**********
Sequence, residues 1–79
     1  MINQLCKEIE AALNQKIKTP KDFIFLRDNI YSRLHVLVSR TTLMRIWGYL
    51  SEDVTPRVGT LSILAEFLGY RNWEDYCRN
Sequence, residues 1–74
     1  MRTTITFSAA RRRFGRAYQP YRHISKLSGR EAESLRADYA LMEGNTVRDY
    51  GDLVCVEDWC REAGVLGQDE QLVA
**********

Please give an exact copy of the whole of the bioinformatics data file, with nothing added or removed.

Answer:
Sequence, residues 1–79
     1  MINQLCKEIE AALNQKIKTP KDFIFLRDNI YSRLHVLVSR TTLMRIWGYL
    51  SEDVTPRVGT LSILAEFLGY RNWEDYCRN
Sequence, residues 1–74
     1  MRTTITFSAA RRRFGRAYQP YRHISKLSGR EAESLRADYA LMEGNTVRDY
    51  GDLVCVEDWC REAGVLGQDE QLVA